An employee relations specialist handles matters that affect the employer-employee relationship. Specific activities of an employee relations specialist include investigating and resolving formal and informal employee complaints, analyzing employee turnover, improving performance and productivity through developing clear communication channels and enhancing employee satisfaction. Handling employee relations issues requires an expert who understands labor and employment laws and is capable of applying appropriate policies and laws to resolve employment matters. Employee relations specialists utilize their skills, expertise and knowledge to handle workplace issues as effectively as possible.

Step 1.

Interact with employees on a regular basis, not just when you are investigating a complaint or addressing an employee issue. Experts in the human resources field consider regular interaction important because it humanizes the work force and the human resources function. Employees aren't simply workers identified by an employee identification number. Demonstrating an interest in employees conveys a message that the company cares about them as individuals -- individuals whose opinions, skills and talent matter.

Regular interaction also builds interpersonal relationships. Human resources staff members gain employees' confidence and trust through strong employer-employee relationships. When employee issues arise, that confidence and trust is essential to resolving workplace conflict.

Step 2.

Disseminate workplace policies via the employee handbook and staff meetings. Become familiar with company policies and develop your ability to interpret policies without reservation. Employees look to human resources staff members for expert guidance and, therefore, the application and interpretation of company policies is one of the most important functions for an employee relations specialist. In many cases, resolving workplace issues depends solely on an appropriate interpretation and application of company policies. Your expertise in this area is absolutely necessary to do your part in addressing workplace concerns that employees bring to your attention.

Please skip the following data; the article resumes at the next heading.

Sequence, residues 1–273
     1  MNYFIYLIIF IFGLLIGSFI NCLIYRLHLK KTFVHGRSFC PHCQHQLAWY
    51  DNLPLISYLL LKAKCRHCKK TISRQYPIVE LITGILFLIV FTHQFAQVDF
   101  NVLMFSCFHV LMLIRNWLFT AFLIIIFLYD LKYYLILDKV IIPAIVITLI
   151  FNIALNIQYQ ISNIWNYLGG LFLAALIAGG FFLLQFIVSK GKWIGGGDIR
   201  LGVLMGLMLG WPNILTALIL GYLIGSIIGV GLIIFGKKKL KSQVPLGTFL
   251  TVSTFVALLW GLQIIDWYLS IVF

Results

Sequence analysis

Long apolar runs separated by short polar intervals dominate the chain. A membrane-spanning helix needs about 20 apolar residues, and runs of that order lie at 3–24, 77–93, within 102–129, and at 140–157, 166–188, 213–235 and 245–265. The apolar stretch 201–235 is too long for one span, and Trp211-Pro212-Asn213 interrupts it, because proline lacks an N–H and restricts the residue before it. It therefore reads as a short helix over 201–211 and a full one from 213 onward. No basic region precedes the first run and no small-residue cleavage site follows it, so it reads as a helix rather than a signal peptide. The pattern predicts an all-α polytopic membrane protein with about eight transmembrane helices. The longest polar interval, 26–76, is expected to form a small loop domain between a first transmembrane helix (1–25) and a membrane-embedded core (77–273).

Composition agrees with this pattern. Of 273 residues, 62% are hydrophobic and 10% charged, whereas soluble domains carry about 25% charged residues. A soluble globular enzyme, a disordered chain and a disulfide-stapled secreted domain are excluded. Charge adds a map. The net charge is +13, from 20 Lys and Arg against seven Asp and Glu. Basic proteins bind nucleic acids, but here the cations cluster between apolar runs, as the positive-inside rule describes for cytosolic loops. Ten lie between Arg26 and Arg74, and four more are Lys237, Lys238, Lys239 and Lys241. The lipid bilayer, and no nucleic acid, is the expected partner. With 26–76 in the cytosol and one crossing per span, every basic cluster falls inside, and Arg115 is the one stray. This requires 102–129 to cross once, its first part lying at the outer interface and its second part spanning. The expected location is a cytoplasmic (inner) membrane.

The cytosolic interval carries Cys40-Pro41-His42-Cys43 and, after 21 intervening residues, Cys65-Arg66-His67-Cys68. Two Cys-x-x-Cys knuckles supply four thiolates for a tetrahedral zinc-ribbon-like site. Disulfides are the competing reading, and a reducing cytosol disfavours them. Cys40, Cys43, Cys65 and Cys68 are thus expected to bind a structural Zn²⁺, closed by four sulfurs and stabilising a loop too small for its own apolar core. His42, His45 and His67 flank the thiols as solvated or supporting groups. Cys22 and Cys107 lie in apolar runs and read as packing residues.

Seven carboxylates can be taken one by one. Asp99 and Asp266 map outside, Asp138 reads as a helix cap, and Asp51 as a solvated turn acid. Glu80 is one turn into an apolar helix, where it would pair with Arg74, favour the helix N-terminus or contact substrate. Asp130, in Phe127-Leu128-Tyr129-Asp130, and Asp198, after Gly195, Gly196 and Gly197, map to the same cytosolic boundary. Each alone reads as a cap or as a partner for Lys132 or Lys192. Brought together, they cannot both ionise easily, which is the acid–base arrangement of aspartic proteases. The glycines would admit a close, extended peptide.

Step 3.

Participate in new employee orientation, as well as supervisor and manager training. Use orientation and training sessions as an opportunity to establish your reputation with employees as a trusted and knowledgeable adviser. Newly hired employees with relatively little interaction with human resource staff outside the recruitment and selection process will better understand the purpose of an employee relations specialist. Your input during supervisor and manager training provides leaders with some of the skills necessary to address departmental issues before matters escalate to the human resources department.

Step 4.

Maintain confidentiality to the extent possible whenever you are investigating employee relations issues. Another way to build trust and confidence in the human resources department is through handling employee concerns with integrity and professionalism. Do not discuss employee issues with anyone outside the human resources department unless required to do so during a workplace investigation.

Step 5.

Devote time to your professional development as an employee relations specialist and human resources expert. Improve your understanding and knowledge of labor and employment laws, workplace trends and legislation that affect the labor market. Engage in cross-discipline activities that broaden your expertise. This will improve your capability of handling workplace issues in all the areas of human resources, including compensation and benefits, safety and risk management, recruitment and selection and training and development. Expanding your capabilities will also improve your contributions and value you bring to your organization's human resources function and the company overall.